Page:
By H. Langford Hoe

By H. Langford Hoe

The Importance of Accuracy and Thoroughness - Taking a Pride in One's Work is "Worth While-large v. Small Firms as a Training Ground - The Unwisdom of Keeping an Eye on the Clock at

Closing Time - A Wiser Policy

Two of the most important qualities for the business girl to cultivate, if she intends to succeed, are thoroughness and accuracy in her work.

If speed and despatch are attained at the expense of accuracy, it will not pay her in the end, and she will never give her employers the sense of being able to rely upon her. And this quality of thoroughness goes much deeper than mere verbal accuracy in taking and transcribing shorthand notes. It means devoting all the energies and thoughts to the business in hand, and often keeping it in mind for days, so that when the subject comes up again it is quite clear.

There are many devices for keeping records of letters and particulars of all kinds at hand for reference at a moment's notice, but, unless the individual worker uses her brains as well, such aids are of little value.

When information has to be looked up, do not be content with supplying the least possible amount. It is better to have brought out two or three documents too many than miss one containing points that may have escaped the memory of the chief, who has to think of so many and varied things of the greatest importance. Times of emergency and rush come in all businesses, proving the worth of the individuals composing the staff. Many a girl has obtained her promotion through having shown herself capable of carrying something through without error and not worrying those around her.

A girl who, when a letter is typed and in its envelope, considers she has done with it, although she knows it is important, and the usual collection of letters has been already made, has really left her work unfinished. It should be her business to see that such a letter is included with any other "late" correspondence there may chance to be, or that it is taken specially to the post.

It is more than annoying to the one who dictated it to find the missive in the postbox the following morning, the typist blaming the office boy, and the boy aggrieved because "It wasn't my fault. I cleared the box at the proper time."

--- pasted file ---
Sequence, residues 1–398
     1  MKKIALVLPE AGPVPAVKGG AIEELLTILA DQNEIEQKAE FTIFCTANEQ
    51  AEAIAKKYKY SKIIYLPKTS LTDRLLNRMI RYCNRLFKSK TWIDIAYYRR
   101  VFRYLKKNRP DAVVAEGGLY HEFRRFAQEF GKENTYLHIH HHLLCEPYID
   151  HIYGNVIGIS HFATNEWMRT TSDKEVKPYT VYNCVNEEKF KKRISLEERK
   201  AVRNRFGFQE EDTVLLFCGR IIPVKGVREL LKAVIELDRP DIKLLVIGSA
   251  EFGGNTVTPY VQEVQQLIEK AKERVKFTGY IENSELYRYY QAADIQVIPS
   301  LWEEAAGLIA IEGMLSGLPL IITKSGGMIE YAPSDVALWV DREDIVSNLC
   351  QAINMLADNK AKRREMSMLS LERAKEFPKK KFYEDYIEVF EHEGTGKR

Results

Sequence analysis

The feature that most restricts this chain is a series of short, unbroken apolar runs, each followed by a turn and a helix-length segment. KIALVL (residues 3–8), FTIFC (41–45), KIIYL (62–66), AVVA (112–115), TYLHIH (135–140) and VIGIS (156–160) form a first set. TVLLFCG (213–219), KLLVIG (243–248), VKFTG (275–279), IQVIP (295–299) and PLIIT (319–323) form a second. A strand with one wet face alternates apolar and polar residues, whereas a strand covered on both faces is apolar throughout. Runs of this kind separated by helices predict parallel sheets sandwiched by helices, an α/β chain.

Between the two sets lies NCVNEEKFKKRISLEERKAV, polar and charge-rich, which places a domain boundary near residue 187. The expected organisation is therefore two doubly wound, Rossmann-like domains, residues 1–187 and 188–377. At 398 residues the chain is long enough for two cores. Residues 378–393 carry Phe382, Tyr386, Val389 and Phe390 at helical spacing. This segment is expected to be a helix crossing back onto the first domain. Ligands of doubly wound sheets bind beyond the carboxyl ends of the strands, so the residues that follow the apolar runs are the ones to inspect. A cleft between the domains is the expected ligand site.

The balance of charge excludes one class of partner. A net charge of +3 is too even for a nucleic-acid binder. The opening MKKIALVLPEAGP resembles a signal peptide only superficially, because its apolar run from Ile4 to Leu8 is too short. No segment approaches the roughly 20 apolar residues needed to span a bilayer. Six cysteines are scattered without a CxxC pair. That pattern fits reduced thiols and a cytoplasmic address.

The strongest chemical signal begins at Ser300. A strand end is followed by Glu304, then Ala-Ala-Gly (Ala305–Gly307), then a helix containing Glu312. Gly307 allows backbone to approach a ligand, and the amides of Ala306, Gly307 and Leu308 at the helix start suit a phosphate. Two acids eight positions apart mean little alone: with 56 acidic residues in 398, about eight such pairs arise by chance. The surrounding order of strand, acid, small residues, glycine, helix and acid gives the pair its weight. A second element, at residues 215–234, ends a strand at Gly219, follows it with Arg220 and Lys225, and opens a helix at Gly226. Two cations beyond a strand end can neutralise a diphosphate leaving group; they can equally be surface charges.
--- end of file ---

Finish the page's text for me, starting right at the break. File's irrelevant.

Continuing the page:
The "thorough" girl takes a pride in her work for its own sake, and for her own satisfaction. She hates to leave unfinished ends for other people to clear up. It may involve staying a few minutes after the time for closing the office; or, occasionally, a quarter of an hour's work before the commencing hour will make all the difference between rushing a piece of work through in a slipshod fashion, and completing it in the best possible way.

The Willing Spirit

A cheerful, willing spirit will also do much towards carrying a girl to success. The girl who is for ever standing on her rights - or what she may consider her dignity - will never get on.

In very large commercial and other offices the duties of the employees are, necessarily," well defined, and each has her allotted work. But even there some emergency may arise, and one or other may be asked to do something out of the ordinary routine which may be considered inferior work. Take up such work willingly and cheerfully.

The office in which a girl starts by herself offers, in very many cases, one of the very best opportunities for her future. For one thing, she probably deals with the principal himself, instead of being under the heads of various departments, and so dependent on their report of her progress. She may commence by merely taking down and transcribing the correspondence; but as she gains experience of the work, if she has any wish to get on, she can make herself so useful and so conversant with the business that she will become absolutely necessary to the head, and be, in fact, his "right hand." But if she objects to doing one thing, and considers another beneath her dignity, she will probably remain as she entered the office, or find herself asked to resign.

There are occasions when this gospel is a little difficult to follow; but if, after cheerfully taking up the distasteful duties, an opportunity be taken of talking the matter over quietly with those responsible, most employers will do their best to rearrange matters more satisfactorily for the one chiefly concerned. If not, and the conditions are really too uncomfortable to be borne, it simply becomes a matter for deciding whether it is not better to look out for another post. A continual friction in working produces more nerve strain than anything else.

While a small office may offer good opportunities, a large, well-organised commercial house is the very best practical training ground, and the benefit of two or three years spent in one will be reaped in after days.

A charge sometimes brought against the business girl is that she is too prone to keep her eye on the clock towards closing time, and commences putting on her hat five, or even ten, minutes before that time. If the work is so arranged that all is finished, there is naturally a general clearing up, and all go off to the hour; but the girl who closes her machine and shuts her desk, regardless of unfinished letters or papers to be handed in for signature, is bound to gain an unenviable character. Often an important letter has to be dictated at the last moment, and it is much better for all concerned if the girl cheerfully stays beyond her time to attend to it.

It is often most annoying to be delayed; there may be an appointment to be kept, or a game of tennis to look forward to, but it is not good policy, from a business point of view, constantly to be pleading engagements. On the whole, employers are considerate to the girls they have in their offices, and the rule of give and take obtains here as elsewhere.